Brand substance: Study reveals sustainability marketing mismatch

Practising sustainability does not translate into business success unless properly marketed, according to a new study from brand-engagement agency Given London and Ashridge Business School.

Being a 'good citizen' in the eyes of sustainability experts does not necessarily add up to an ethical brand reputation in the eyes of marketers, the report concluded

Being a 'good citizen' in the eyes of sustainability experts does not necessarily add up to an ethical brand reputation in the eyes of marketers, the report concluded

The organisations interviewed sustainability and marketing experts, asking them to rank the UK's top companies on 'brand substance', i.e their positive impact on the world.

The study revealed that being a 'good citizen' in the eyes of sustainability experts does not necessarily add up to an ethical brand reputation in the eyes of marketers.

---READ THE FULL REPORT HERE---

B&Q - which won three of edie's Sustainability Leaders Awards - was ranked 16th by sustainability experts but only 38th by marketers, for example.

"Throughout the study, we noticed that marketers consistently weren't as impressed with brands that scored very highly with sustainability experts," said David Hawksworth, executive creative director at Given London.

"This tends to suggest that for companies like Puma and Patagonia, having substance to your brand is only part of the story - what they need to do more clearly is define and outline the positive impact actions are having."

Underated by marketers

 

Tech bubble

Conversely, tech companies scored much more highly on brand substance with marketers. YouTube, for example, was ranked 18th by marketers but 47th by sustainability experts.

One reason for this, according to the report, is that a "positive brand halo exists around companies known for 'world-changing' ideas, with this rightly or wrongly becoming synonymous with 'game-changing' impact".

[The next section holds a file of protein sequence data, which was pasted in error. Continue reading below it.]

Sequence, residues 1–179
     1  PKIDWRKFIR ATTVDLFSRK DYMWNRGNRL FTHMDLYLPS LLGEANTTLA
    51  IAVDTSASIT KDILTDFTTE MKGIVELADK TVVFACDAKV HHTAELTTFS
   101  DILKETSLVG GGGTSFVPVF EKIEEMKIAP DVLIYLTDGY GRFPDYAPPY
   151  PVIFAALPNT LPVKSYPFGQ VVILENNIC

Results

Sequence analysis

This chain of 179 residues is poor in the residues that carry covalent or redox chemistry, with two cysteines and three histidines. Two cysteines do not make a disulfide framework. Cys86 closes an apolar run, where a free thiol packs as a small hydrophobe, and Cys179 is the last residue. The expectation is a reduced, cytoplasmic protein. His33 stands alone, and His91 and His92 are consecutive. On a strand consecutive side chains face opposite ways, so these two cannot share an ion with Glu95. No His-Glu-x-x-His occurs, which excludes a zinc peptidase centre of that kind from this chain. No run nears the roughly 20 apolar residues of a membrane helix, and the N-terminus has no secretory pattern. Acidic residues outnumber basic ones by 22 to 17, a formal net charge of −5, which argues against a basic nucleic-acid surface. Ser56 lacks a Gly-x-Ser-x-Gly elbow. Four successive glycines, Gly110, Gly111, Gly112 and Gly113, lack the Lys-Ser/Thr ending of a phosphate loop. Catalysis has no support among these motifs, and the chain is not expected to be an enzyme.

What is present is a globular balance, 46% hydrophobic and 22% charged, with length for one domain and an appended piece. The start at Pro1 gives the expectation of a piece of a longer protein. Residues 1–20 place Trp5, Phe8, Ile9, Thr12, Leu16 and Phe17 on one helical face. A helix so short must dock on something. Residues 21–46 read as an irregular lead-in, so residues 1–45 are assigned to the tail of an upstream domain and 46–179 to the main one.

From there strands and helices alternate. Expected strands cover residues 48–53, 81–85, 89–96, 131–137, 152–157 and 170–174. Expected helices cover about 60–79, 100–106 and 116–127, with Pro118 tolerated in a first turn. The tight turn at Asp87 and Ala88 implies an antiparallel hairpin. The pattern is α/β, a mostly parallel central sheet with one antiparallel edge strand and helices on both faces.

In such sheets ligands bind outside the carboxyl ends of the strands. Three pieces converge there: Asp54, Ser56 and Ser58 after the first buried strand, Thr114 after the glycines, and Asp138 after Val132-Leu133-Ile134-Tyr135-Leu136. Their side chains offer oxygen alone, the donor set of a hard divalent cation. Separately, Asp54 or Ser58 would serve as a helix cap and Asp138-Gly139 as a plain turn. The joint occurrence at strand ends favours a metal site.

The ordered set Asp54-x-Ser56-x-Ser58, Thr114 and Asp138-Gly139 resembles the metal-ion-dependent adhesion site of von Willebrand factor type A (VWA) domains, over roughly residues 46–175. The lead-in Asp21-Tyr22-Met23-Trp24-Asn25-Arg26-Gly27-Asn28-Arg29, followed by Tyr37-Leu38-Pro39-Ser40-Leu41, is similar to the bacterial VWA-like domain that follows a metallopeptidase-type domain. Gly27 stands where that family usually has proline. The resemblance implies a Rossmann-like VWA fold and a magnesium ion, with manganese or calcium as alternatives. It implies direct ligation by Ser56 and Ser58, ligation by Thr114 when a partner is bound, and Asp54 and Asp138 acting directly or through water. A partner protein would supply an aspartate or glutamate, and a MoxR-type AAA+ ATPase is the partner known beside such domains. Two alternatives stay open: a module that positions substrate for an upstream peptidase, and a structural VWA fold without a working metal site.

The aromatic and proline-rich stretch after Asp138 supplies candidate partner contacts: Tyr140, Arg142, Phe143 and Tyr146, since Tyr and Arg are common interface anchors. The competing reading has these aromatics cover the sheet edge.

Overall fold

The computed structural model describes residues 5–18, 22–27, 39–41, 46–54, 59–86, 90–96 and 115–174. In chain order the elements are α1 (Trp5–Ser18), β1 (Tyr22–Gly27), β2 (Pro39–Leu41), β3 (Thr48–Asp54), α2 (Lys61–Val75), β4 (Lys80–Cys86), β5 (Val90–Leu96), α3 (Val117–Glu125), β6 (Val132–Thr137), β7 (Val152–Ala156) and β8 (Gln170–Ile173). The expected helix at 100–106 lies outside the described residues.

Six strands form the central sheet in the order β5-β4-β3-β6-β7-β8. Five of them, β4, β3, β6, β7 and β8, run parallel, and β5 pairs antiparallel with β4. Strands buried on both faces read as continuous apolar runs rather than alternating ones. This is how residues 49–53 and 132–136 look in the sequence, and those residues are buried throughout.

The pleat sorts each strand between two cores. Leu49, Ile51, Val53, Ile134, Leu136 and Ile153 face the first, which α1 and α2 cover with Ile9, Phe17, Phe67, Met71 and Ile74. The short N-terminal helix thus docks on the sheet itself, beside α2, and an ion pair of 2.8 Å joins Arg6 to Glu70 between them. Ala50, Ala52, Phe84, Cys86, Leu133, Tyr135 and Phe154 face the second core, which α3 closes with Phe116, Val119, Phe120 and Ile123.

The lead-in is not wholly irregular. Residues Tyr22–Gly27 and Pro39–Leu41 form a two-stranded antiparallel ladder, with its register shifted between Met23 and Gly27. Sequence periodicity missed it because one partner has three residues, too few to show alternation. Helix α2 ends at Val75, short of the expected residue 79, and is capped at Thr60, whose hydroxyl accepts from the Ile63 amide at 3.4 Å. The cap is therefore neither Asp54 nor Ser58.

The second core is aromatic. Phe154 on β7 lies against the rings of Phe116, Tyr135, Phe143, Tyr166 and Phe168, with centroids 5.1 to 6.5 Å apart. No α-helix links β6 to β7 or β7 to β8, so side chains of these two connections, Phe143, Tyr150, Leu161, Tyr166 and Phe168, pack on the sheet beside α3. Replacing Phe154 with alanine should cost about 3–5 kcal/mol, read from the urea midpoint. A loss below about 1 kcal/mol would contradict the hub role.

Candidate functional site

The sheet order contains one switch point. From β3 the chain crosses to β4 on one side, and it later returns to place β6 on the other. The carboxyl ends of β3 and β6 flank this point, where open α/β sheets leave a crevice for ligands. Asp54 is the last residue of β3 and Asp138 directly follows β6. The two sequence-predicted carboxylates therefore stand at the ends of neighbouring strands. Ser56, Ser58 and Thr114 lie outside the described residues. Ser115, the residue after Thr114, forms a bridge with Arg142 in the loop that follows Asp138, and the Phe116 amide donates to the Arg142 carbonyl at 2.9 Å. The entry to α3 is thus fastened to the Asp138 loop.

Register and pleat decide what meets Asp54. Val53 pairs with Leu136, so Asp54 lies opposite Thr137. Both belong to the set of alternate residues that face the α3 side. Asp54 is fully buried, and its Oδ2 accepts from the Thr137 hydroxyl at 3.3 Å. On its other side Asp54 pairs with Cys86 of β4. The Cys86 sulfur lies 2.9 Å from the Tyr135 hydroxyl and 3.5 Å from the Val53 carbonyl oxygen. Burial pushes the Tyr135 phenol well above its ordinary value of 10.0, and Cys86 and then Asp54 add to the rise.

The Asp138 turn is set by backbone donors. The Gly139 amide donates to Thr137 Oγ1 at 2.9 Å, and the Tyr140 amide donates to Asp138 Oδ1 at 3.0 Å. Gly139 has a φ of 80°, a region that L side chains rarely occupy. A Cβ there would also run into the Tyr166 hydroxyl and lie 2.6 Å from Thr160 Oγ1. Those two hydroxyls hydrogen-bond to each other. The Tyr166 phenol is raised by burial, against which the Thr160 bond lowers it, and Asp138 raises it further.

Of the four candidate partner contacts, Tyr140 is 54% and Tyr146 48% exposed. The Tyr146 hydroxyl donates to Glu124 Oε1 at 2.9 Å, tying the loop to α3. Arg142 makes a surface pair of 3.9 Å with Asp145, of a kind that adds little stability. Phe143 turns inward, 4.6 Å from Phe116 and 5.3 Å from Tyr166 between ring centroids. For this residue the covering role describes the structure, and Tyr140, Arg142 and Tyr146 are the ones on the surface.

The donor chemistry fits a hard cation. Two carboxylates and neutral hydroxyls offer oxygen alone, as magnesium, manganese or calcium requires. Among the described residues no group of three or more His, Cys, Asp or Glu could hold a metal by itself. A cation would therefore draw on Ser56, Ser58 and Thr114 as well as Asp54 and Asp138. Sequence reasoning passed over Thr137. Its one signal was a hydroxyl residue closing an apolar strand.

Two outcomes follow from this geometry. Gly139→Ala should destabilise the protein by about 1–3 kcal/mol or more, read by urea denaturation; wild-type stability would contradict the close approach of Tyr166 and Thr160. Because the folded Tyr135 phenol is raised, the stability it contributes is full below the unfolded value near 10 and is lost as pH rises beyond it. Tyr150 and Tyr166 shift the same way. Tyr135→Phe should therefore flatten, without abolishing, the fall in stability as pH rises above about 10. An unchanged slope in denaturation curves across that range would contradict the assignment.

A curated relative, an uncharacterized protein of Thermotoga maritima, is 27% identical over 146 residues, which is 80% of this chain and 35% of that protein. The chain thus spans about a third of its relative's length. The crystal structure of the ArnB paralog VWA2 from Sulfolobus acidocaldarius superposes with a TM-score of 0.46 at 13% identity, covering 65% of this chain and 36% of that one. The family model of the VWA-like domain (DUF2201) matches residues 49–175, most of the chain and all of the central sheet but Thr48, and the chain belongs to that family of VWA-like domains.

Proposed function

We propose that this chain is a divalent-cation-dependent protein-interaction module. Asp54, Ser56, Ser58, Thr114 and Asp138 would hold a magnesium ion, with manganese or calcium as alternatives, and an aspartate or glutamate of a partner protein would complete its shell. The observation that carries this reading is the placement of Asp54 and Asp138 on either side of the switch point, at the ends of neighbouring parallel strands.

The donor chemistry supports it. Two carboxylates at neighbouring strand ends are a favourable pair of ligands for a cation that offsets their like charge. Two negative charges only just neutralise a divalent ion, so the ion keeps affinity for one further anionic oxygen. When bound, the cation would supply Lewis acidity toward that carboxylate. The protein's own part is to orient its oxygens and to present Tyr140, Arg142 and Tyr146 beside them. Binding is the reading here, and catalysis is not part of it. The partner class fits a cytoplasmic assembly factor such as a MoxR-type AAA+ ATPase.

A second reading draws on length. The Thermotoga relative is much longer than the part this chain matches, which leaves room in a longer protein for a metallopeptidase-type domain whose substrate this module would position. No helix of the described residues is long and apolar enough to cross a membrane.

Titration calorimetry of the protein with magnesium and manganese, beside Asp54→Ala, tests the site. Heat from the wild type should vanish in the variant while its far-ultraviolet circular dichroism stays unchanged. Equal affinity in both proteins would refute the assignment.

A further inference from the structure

However this perception gap could actually be a negative for tech firms as they risk a backlash when consumers find out more about their impact. "Today's brand heroes could easily find themselves as tomorrow's brand villains," said the report.

Overrated by marketers

Latecomers

Respondents to the report included Ikea UK's head of sustainability Joanna Yarrow, Coca-Cola Enterprises' head of CSR Joe Franses and Volmans chairman John Elkington.

The good news for brands that have yet to commit to sustainability is that companies that have adopted green strategies were ranked just as highly as companies that embedded sustainability from the start.

"Historically, the leading 'baked in' brands [those that have had sustainability embedded in their business from the offset] like The Body Shop and Innocent have enjoyed an edge over many of their rivals," said Becky Willan, managing director at Given London. "But successful 'added ingredient' adopters [those that heve incorporated sustainability into their organisation] can testify to the positive impact this marketing approach can have on a brand.

"Even once-tarnished brands like Nike can excel from a conscious promotion of brand substance over image."

Overall rankings: Baked-in vs. Added ingredient

Brad Allen


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